First Solar, Inc. (NASDAQ: FSLR) is getting crushed with an 9% loss in its stock this morning. The move is on the heels of earnings and a much lowered expectation for 2012 sales. The question to ask is not just whether or not the short sellers have more room to run on this one. The question to ask is whether or not the taxpayers will get left hanging here.
Solyndra’s huge Department of Energy loan implosion was painful enough at about $500 million. Most investors do not really focus on the notion that First Solar has a large amount of Department of Energy loans. First Solar ended the most recent quarter with cash and marketable securities of $788 million.
Getting a live tally on all of the Department of Energy loan guarantees is a bit murky, but as of last June it was put around $4.5 billion to First Solar alone. That figure does include a current project, which is being sold. Sadly, shares were up around $140 at that time.
UBS has cut the price target to $40 on First Solar, while Citigroup cut the target down to $45. LAst night came a report from Gordon Johnson of Axiom Capital on CNBC calling for this to remain a SELL with the potentiality of a total write-off being possible as the company will start to lose money next year. The most extreme call is for a potential bankruptcy down the road, something we hope does not turn out to be the case.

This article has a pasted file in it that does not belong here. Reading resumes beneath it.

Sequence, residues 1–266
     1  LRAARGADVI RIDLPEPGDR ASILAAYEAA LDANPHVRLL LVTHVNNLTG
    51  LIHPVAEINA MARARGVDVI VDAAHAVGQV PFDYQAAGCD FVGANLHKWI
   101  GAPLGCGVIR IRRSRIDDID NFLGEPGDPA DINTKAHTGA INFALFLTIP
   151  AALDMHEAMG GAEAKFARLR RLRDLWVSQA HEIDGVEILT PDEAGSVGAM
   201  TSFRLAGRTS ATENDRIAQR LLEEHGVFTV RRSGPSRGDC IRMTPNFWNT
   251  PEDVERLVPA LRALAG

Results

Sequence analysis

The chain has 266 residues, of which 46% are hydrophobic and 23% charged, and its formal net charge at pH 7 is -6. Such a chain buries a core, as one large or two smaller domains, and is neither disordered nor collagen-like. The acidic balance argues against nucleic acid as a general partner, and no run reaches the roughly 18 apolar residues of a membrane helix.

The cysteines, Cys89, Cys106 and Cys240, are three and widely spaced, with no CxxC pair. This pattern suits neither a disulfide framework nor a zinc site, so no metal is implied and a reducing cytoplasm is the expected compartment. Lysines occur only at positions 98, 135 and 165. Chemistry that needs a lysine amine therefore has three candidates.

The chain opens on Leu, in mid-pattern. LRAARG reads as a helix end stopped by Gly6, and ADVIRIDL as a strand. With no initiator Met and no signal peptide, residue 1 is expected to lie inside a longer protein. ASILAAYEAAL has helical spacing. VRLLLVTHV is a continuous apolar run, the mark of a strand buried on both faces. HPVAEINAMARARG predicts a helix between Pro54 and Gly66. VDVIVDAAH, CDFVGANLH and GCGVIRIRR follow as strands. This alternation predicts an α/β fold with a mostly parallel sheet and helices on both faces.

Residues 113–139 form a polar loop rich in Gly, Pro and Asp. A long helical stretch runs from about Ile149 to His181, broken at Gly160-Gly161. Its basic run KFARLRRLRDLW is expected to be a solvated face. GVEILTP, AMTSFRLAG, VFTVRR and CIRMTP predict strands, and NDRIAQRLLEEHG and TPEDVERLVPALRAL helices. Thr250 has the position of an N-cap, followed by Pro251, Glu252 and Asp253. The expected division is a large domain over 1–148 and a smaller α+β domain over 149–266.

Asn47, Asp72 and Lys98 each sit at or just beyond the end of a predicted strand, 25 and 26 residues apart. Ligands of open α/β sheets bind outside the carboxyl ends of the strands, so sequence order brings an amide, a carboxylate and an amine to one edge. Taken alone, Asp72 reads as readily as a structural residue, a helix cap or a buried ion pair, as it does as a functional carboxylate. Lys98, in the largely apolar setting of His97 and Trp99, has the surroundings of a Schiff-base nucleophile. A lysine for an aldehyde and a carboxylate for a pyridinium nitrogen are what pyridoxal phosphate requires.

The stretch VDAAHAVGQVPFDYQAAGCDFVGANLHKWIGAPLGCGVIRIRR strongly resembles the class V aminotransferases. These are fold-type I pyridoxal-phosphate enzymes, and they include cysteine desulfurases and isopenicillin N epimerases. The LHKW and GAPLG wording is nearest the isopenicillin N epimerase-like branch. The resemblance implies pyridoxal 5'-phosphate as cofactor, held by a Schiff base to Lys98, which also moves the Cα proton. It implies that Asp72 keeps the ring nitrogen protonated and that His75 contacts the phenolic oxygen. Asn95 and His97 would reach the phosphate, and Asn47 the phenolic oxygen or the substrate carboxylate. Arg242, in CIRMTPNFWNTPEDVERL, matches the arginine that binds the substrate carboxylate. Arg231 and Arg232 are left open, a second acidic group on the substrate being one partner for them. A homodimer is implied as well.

If First Solar goes under, Solyndra could end up looking a small drop in the bucket. This is not a situation that will be front and center today nor will it be in the coming weeks. This is a longer-term concern, but still a valid concern.
The Guggenheim Solar ETF (NYSE: TAN) is down only 2.1% at $29.65 against an adjusted 52-week range of $24.20 to $89.00. The PowerShares WilderHill Clean Energy (NYSE: PBW) ETF is down only 1.7% at $5.86 against a 52-week range of $4.80 to $10.88. Frankly, it is surprising that these are not down worse.
First Solar shares are now down 9.8% at $32.80 and the volume of 5.6 million shares at 10:25 AM EST already has passed the average daily volume of 4.7 million shares.
JON C. OGG